Once Upon Our Peninsula: News from this week’s past, Jan. 16-20

All items are from the Door County Library’s newspaper archives, and they appear in the same form as they were first published, including misspellings and grammatical errors.

                                                        The Expositor, Jan. 16, 1874

Why don’t some of the enterprising farmers in this county go into the dairy business? It is not the thing to be obliged to import butter into such a county as this, besides, much of the imported stuff dignified with the name butter is utterly unfit for table use. There is a fair chance for somebody to make money in the manufacture of butter in this vicinity.

                                             The Expositor Independent, Jan. 18, 1878

Master Johnny Pinney, living in the East part of this township, came to grief last Friday, by way of nearly severing the “big toe” on his left foot. The accident took place while Master J. was chopping cedar posts, the axe glancing and striking his foot. The wound will probably lay him up for a couple of months, at any rate.

                                                 Door County Democrat, Jan. 20, 1894

Albert Stevenson, of Stevenson’s Pier, has made a conditional sale of a half interest in a forty acre tract, in Gardner, which he calls his lead mine, for $25,000. It also contains some silver and copper. He also has a silver and copper mine with some gold in it, a half interest of which he will sell cheap. No one need to ask him to sell the whole; he has spent too much time and money to find out what he had got to give it away now.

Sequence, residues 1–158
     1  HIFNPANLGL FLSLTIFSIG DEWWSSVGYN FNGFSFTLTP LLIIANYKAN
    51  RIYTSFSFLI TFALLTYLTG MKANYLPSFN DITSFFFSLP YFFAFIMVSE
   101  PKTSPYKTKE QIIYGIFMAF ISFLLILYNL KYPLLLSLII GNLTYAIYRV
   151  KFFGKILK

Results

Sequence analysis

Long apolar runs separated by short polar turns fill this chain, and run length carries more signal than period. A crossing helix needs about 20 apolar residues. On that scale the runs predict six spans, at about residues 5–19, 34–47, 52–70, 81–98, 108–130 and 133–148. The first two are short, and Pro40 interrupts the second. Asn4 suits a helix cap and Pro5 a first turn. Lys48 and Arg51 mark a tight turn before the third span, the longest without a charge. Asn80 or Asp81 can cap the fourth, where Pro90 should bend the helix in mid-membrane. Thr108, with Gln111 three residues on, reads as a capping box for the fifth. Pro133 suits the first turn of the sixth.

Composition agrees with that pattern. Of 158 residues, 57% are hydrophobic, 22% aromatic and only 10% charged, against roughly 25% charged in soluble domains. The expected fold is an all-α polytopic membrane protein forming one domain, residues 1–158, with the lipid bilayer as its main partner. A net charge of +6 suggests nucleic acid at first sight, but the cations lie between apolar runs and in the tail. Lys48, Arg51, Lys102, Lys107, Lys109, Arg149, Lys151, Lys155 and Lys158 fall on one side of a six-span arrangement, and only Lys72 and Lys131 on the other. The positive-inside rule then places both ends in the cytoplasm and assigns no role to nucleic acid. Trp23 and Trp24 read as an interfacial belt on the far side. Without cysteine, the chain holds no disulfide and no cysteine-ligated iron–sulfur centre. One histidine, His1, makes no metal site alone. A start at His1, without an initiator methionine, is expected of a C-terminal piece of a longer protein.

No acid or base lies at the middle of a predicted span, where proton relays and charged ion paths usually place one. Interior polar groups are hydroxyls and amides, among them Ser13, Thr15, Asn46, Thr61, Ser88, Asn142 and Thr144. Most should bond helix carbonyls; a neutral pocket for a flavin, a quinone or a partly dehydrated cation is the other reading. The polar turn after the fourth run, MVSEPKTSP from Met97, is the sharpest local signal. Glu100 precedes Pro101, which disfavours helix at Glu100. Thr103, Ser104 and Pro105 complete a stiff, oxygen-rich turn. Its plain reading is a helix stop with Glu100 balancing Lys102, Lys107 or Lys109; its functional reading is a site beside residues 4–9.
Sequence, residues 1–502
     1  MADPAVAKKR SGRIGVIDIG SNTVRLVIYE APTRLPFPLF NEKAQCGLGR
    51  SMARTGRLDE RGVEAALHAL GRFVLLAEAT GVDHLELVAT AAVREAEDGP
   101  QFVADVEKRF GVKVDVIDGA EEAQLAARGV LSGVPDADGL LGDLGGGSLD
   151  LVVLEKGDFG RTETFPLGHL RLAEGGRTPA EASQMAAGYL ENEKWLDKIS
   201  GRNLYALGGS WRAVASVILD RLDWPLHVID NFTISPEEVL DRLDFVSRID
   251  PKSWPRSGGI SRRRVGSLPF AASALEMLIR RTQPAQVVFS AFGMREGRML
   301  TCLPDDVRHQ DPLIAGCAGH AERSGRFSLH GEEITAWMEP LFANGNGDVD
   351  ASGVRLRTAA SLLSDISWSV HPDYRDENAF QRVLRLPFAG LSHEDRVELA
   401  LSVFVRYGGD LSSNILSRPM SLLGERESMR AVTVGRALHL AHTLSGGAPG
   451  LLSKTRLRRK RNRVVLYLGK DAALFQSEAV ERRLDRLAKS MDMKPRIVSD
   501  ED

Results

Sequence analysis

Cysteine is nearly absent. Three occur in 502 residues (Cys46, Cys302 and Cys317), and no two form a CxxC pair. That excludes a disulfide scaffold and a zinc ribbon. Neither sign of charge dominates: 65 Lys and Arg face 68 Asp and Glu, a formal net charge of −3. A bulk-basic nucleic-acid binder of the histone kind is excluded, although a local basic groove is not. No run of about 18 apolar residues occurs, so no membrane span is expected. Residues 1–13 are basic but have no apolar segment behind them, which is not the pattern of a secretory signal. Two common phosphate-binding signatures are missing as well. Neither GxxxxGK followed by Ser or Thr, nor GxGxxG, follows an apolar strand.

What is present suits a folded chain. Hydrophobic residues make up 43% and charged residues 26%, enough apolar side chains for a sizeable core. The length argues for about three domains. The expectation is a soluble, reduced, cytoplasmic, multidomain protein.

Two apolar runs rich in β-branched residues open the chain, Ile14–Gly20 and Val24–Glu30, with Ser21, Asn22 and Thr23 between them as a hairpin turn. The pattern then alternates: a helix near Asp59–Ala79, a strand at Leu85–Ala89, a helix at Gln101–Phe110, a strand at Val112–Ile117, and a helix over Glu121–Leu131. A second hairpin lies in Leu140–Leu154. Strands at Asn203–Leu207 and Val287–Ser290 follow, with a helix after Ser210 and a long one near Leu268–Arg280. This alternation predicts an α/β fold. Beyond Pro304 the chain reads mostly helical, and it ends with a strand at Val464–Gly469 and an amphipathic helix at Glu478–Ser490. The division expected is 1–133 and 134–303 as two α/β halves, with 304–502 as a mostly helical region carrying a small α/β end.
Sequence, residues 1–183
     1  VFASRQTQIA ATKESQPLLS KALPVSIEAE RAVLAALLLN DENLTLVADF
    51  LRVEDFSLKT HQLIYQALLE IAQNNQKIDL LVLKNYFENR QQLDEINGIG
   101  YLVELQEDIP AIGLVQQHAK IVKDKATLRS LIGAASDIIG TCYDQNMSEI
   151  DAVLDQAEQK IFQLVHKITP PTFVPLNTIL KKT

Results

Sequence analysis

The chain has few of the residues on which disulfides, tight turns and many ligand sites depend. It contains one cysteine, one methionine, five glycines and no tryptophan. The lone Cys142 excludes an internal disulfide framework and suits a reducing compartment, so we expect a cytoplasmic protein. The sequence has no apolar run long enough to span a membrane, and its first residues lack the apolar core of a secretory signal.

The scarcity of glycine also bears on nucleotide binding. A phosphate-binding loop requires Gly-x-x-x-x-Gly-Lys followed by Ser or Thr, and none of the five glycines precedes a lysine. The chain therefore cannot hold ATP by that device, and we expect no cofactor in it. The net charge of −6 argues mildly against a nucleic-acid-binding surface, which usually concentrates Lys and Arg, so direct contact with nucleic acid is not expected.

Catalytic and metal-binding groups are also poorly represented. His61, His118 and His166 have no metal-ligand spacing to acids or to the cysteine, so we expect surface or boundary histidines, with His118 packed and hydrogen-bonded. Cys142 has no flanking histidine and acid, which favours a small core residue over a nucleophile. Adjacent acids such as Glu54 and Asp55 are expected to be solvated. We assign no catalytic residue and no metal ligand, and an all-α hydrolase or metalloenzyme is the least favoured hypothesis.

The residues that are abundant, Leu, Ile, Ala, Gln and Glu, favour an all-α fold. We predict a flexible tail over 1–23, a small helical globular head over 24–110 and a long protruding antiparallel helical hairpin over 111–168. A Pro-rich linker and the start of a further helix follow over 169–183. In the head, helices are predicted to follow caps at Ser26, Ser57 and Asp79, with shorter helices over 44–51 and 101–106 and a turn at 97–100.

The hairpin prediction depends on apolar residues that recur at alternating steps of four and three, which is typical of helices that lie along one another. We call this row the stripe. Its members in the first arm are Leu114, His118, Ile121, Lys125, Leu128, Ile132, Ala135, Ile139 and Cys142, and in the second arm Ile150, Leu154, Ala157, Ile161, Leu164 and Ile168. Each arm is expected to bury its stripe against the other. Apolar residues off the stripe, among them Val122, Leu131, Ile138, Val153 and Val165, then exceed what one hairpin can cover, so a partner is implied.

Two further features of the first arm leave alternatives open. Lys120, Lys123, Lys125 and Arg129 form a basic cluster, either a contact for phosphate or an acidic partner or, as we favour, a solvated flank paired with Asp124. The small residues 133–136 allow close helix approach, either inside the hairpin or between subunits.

Door County Democrat, Jan. 19, 1901

The ladies of the city will serve notice that they are going to vote on school matters at the coming spring election. Well, they have a perfect right to, and we hope they will stick to it this time. The law gives them a right to vote on the election of school commissioners, and as a rule mothers of families are as much if not more interested in these matters than their “worser” halves. Hurrah for the ladies!

                                                       Door County News, Jan. 17, 1918

In another column of this paper appears a public apology over the signature of one August Schmidt, regretting statements that he made in a public barroom to the effect that he hoped Germany would win the war. He was brought before District Attorney Grade and in view of his willingness to have an apology published and his promise to use his endeavors to assist his country in its prosecution of the war to a successful conclusion, he was permitted to escape punishment.

                                                         Door County News, Jan. 17, 1935

SISTER BAY – Mr. and Mrs. Martin Husby will celebrate their silver wedding anniversary at their home here Saturday evening. They expect to have about fifty guests present for the occasion. Both Mr. and Mrs. Husby are lifelong residents of Door county, and they have made their home in this village for the past six years, operating the Cherryland restaurant and tavern. Mrs. Husby, who was formerly Emma Lettie, was born at Rowleys Bay, and Mr. Husby was born near this village. They were united in marriage in the town of Liberty Grove in 1910.